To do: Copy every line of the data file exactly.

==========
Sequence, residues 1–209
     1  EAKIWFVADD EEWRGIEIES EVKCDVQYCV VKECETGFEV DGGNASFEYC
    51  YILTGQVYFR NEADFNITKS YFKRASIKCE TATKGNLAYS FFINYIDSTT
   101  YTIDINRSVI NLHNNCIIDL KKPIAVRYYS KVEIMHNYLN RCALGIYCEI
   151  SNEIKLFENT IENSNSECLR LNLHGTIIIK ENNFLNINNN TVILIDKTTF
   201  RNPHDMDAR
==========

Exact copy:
Sequence, residues 1–209
     1  EAKIWFVADD EEWRGIEIES EVKCDVQYCV VKECETGFEV DGGNASFEYC
    51  YILTGQVYFR NEADFNITKS YFKRASIKCE TATKGNLAYS FFINYIDSTT
   101  YTIDINRSVI NLHNNCIIDL KKPIAVRYYS KVEIMHNYLN RCALGIYCEI
   151  SNEIKLFENT IENSNSECLR LNLHGTIIIK ENNFLNINNN TVILIDKTTF
   201  RNPHDMDAR